If you are about to leave your job because you are getting laid off or for other reasons not related to your performance, you need to be well prepared and well informed. While severance pay in Florida is not required by law, your employer may offer you a package with a personalized employment separation agreement. But it is important to be cautious. An employer is looking out for their best interests — not yours.
A Florida employment law attorney leads as your legal advocate and has the experience and expertise workers need when it comes to negotiating the best possible outcome for severance pay. It can be very easy to make a big mistake without the right information and legal help.
Since there are often a lot of questions when it comes to severance pay and severance pay laws in Florida, we are here for you to help you make critical decisions when you are forced to leave a job.
Frequently Asked Questions about Severance Pay in Florida
What is Severance Pay?
Severance pay is pay and benefits an employee receives when they are forced to leave a job, not by their choice, which often occurs when companies go through layoffs or what some call a RIF (Reduction in Force). Severance pay is not a given when this happens. Some companies offer their employees something for their service, but initial offers are not necessarily in your best interest as an employee.
What Are the Florida Laws?
There are no requirements for severance pay under Florida labor law. This is also true for the federal law, the Fair Labor Standards Act (FLSA). But, that being said — you do have the right to negotiate your severance pay with your employer. Know that signing an agreement typically does include certain provisions to receive your severance pay in Florida.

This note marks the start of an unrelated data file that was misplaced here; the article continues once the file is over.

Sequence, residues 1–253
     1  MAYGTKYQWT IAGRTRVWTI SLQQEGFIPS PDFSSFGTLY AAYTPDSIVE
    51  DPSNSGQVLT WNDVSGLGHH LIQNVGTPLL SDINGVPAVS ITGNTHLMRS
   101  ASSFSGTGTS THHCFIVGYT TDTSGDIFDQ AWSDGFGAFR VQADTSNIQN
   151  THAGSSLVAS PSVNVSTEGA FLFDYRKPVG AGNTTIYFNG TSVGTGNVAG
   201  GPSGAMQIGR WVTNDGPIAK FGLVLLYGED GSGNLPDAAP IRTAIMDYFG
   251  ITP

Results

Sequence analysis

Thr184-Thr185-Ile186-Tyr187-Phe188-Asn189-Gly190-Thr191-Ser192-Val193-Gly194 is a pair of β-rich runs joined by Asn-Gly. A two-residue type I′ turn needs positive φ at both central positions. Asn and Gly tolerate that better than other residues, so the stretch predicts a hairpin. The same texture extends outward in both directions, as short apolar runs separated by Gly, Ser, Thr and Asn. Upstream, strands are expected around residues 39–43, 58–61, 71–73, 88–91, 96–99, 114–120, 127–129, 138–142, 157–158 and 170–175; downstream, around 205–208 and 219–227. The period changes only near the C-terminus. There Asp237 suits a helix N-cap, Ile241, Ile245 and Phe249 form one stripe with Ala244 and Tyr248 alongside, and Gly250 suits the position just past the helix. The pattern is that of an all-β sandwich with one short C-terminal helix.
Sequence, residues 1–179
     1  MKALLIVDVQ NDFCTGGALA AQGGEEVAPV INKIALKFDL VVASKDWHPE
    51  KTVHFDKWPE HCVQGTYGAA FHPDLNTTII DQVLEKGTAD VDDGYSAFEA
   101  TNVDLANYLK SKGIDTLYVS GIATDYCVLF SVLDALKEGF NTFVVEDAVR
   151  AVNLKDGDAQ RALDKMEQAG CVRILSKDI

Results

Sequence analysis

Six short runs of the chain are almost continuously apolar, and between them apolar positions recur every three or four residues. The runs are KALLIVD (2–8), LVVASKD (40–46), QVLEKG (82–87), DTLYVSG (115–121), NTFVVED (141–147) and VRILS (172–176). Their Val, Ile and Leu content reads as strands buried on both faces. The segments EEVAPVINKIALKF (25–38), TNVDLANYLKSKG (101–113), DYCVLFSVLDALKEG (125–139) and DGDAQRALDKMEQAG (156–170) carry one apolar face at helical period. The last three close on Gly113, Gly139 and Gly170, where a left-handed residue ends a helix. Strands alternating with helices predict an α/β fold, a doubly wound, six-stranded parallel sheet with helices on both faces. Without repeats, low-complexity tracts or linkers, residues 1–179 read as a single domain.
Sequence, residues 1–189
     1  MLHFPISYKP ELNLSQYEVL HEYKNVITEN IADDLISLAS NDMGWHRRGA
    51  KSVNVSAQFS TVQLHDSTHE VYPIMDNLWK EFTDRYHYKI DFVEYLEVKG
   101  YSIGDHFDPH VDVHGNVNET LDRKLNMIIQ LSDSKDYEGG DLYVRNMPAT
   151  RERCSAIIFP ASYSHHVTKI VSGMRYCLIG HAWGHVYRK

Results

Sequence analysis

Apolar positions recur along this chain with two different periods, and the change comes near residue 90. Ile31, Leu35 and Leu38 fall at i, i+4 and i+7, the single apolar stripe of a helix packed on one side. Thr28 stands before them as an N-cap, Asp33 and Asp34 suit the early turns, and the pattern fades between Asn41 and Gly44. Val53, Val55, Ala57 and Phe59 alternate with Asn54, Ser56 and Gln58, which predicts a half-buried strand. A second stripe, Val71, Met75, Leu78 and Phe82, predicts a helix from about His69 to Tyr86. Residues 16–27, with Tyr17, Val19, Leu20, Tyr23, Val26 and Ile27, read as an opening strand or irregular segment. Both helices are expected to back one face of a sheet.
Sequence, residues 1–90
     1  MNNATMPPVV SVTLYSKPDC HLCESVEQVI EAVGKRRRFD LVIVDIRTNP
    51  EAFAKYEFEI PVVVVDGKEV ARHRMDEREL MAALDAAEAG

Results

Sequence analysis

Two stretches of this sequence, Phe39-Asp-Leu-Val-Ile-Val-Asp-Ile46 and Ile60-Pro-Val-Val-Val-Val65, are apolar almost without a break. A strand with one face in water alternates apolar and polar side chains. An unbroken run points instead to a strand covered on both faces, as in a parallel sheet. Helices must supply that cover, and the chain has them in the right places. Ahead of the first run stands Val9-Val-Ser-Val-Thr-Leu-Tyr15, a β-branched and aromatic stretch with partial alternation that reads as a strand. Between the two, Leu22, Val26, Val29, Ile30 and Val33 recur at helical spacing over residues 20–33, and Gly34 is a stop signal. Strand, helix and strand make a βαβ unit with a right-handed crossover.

What Are Some of the Typical Provisions Included in a Severance Agreement?
A Florida severance agreement and release can include a variety of provisions that the employee has to agree to when they leave the job. There is value that is represented in the agreement, and it is important to understand what you are giving up when/if you sign it.
Typical provisions in severance pay agreements in Florida include:
- A non-compete clause (NCC) — where one party (typically the employee) agrees to not start a trade or profession in competition with the other party (typically the employer)
- A release of claims against the company — where the employee would be legally bound not to file a claim against the company, such as a hostile work environment or wrongful termination case
- A confidentiality clause — where the employee agrees to not divulge the company’s data or information to others without proper authorization
- A non-disparagement provision — where the employee agrees not to say anything negative about the company or its leaders, products, or services in any form of communication
All of these are legally binding when you sign an employment separation agreement in Florida. These provisions incorporate a lot of value, and it is critical not to undervalue yourself when it comes to severance pay.
What Do I Need to Know About Unemployment and Severance Pay in Florida?